Academics are suddenly very interested in social media and how it impacts democracy. It turns out they are pretty mad at Zuck for not giving them enough user data so that they can twist it to support whatever narrative and agenda they have. Imagine working with 83 “scholars” on one research project. You’re asking for an ivory tower ego battle power trip for the ages.
We’ve seen more and more of these “academic” studies popping up since the election of Donald Trump. They are typically deeply flawed in their assertions and conclusions which inevitably argue for censorship, no-platforming, and the dehumanization of political dissidents, wrong think media, and technology platforms. All for the sake of “muh social justice” and in this case “muh democracy.’ Have fun with this lot, Zuck.
A group of philanthropies working with Facebook Inc to study the social network’s impact on democracy threatened on Tuesday to quit, saying the company had failed to make data available to researchers as pledged.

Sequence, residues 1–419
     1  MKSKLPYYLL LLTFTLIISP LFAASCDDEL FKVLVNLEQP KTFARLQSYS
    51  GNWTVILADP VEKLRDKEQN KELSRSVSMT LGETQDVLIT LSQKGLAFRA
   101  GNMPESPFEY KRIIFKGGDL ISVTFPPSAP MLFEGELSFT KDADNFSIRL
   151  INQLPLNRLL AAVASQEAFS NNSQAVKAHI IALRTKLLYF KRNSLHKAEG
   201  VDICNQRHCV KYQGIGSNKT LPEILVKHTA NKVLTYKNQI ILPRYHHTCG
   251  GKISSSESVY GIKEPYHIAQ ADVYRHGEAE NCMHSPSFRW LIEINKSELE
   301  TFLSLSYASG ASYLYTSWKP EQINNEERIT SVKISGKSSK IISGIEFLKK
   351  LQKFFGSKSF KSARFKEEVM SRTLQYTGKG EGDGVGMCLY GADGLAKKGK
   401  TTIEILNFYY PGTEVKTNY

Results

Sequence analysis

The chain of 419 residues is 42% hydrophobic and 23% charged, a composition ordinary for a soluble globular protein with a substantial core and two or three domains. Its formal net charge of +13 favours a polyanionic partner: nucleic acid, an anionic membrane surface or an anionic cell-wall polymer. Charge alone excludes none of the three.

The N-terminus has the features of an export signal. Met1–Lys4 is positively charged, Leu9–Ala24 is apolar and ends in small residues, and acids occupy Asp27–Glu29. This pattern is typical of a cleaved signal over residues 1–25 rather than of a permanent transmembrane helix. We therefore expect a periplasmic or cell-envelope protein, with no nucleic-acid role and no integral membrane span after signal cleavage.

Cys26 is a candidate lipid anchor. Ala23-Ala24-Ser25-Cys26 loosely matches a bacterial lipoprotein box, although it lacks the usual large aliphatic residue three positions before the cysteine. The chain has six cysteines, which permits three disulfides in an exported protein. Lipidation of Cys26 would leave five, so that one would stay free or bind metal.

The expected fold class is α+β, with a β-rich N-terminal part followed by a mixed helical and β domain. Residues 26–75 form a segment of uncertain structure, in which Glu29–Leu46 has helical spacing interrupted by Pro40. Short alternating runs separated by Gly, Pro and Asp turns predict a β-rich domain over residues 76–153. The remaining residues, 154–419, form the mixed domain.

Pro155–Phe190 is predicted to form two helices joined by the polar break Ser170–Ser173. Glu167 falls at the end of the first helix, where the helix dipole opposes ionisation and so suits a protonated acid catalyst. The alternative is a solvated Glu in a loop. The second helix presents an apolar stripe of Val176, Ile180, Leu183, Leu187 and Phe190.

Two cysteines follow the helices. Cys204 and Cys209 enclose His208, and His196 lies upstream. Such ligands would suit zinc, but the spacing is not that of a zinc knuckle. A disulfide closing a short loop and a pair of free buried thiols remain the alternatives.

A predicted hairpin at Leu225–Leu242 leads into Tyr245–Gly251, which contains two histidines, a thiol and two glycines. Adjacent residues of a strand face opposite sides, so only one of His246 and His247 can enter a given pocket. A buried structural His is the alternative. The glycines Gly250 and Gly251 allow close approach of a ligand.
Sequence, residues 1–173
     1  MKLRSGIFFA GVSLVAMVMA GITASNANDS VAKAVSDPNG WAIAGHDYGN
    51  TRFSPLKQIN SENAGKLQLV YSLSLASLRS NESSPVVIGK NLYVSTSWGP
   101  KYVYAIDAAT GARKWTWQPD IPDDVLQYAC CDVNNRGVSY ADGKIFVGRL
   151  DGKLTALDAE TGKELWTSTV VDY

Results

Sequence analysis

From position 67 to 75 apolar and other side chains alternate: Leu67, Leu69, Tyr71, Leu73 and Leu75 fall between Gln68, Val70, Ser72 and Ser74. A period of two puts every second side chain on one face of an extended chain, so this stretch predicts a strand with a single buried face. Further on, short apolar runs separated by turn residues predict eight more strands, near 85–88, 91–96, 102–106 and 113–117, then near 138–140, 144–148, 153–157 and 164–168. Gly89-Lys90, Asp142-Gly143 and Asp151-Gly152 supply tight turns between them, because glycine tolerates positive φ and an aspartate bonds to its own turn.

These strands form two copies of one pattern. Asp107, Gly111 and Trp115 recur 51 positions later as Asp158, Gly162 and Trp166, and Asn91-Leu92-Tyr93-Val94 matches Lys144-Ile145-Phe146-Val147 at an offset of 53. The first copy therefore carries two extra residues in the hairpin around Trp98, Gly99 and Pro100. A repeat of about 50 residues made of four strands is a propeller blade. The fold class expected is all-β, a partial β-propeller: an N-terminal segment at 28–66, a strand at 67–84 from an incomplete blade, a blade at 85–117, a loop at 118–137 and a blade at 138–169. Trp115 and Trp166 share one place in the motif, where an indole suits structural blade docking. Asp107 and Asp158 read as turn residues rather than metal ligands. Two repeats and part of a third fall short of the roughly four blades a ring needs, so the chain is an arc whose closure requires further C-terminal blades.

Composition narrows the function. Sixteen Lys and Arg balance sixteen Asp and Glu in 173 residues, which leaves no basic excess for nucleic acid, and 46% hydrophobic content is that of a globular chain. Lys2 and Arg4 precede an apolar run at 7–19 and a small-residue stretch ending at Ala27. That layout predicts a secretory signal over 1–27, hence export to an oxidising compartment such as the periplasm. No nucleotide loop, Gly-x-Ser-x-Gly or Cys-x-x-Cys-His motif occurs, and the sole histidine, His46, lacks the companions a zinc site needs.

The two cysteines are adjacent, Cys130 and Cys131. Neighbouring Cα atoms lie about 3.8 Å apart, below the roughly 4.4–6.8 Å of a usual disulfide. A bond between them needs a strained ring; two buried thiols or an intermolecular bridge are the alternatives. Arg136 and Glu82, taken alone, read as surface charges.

The funders said in a statement that Facebook had granted the 83 scholars selected for the project access to “only a portion of what they were told they could expect,” which made it impossible for some to carry out their research. They have given Facebook until Sept. 30 to provide the data.
Their concerns focus on the absence of data that would show which web pages were shared on Facebook as far back as January 2017.The company had yet to say when the data would be made available, the funders added.Facebook said in a statement that it remained committed to the project and would “continue to provide access to data and tooling to all grant recipients – current and future.”
The announcement comes only a few months after Facebook launched the research program, which opened the company’s propriety data to independent scholars for the first time.Data access was meant to be heavily controlled, with special precautions to protect user privacy.The funding consortium includes both the conservative Charles Koch Foundation and Silicon Valley’s Omidyar Network.
“We hope Facebook (not to mention other platform companies) will find a way to provide deeply robust privacy-protected data,” they said, as “independent scholarly analysis of social media platforms is essential” to understanding elections and democracy around the world.